Case Presentation: A 55-year old female with no reported past medical or surgical history presented for evaluation of sharp epigastric pain radiating into her lower abdomen. The pain began two days prior upon awakening with associated bloating. She also reported nausea worsened by food but denied vomiting. Her last bowel movement was one day prior but she was still passing gas. She further denied fever, chills, history of kidney/liver problems, vaginal discharge. She underwent menopause one year prior.On admission, she was afebrile, blood pressure 98/67mmHg (mean arterial pressure 76), pulse 123bpm, saturating 98% on 4L nasal cannula. Physical exam showed tachycardia, clear lungs, positive bowel sounds, and no rebound tenderness. Blood count with differential showed white blood cells 6300 with significant bandemia of 41%, hemoglobin 11.4, platelets 466. Labwork was remarkable for bicarbonate 20, blood urea nitrogen 36, serum creatinine 3.41. Lactic acid was elevated at 4.0. Noncontrast CT abdomen/pelvis showed biliary sludge but no cholecystitis, small pelvic ascites, and early small bowel obstruction. She was started on empiric vancomycin, ceftriaxone, and metronidazole, as well as sepsis protocol fluid boluses with lactated Ringers and maintenance at 125cc/hour. She was then found to be COVID-19 positive via polymerase chain reaction. Unfortunately, she developed acute respiratory distress syndrome necessitating emergent intubation and ICU transfer. Antibiotics were broadened to Vancomycin, Meropenem, and Metronidazole. Given her unremarkable imaging, sudden decompensation, and no clear source of infection, an exploratory laparotomy was performed which revealed purulence to her peritoneal cavity. Culture of this fluid was sent to Mayo Clinic for evaluation and was positive for Fusobacterium necrophorum. She improved with 14-days of aggressive IV antibiotics, vasopressors, and mechanical ventilation, with subsequent discharge to inpatient rehabilitation.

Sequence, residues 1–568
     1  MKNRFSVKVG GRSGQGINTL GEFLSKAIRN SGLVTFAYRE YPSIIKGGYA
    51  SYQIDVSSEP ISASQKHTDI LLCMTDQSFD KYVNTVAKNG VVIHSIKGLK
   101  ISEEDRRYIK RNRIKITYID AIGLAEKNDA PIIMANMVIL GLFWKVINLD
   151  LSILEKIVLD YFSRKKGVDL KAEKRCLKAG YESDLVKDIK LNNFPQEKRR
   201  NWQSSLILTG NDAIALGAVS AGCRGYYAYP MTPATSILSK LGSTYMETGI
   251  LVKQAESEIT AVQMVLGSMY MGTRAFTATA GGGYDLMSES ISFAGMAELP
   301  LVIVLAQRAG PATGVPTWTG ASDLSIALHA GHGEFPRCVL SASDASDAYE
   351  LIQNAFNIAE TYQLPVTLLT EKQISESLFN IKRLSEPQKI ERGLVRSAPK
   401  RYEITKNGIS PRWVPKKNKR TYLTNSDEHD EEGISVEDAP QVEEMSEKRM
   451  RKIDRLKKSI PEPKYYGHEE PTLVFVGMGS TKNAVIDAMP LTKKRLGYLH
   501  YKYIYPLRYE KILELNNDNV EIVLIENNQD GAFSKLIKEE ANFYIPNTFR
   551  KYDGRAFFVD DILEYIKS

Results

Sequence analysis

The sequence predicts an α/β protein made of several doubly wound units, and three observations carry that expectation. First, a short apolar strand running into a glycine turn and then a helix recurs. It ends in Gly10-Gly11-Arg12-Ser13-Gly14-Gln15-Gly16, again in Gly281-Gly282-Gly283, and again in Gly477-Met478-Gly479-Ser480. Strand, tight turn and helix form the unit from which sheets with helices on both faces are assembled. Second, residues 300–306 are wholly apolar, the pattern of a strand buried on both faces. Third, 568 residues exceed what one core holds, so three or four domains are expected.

Discussion: Fusobacterium necrophorum is an obligate anaerobic gram-negative bacillus often found in the gastrointestinal tract. To our knowledge, there have only been 3 other reported cases of primary peritonitis caused by this bacterium. Generally, primary peritonitis is associated with Streptococcus pneumoniae, Streptococcus pyogenes, or Neisseria meningitidis. However, F. necrophorum is the most common oropharyngeal anaerobe to cause sepsis and bacteremia, a condition known as Lemiere’s syndrome. This syndrome is described as oropharyngeal infection, extension into the lateral pharyngeal space, and septic thrombophlebitis of the internal jugular vein causing distant site abscess formation. Our patient’s cause of peritonitis remains unclear, as there were no obvious bowel perforations or oral lesions, therefore she did not meet the criteria for Lemiere’s syndrome. Possible explanations are related to her concomitant COVID-19 infection causing gastrointestinal distress with silent aspirationor microperforation not evident on the noncontrast CT abdomen/pelvis. However, her exploratory laparotomies failed to yield evidence of obvious perforation.

Conclusions: While primary peritonitis from F. necrophorum is uncommon, appropriate antibiotic coverage is essential in its management. It should be considered in patients with septic shock from primary peritonitis with negative routine cultures. Clinicians should choose anaerobic coverage and a β-lactam β-lactamase-resistant antibiotic.

IMAGE 1: Image 1. Transverse noncontrast CT abdomen/pelvis showing early small bowel obstruction

IMAGE 2: Image 2. Sagittal noncontrast CT abdomen/pelvis showing biliary sludge and early small bowel obstruction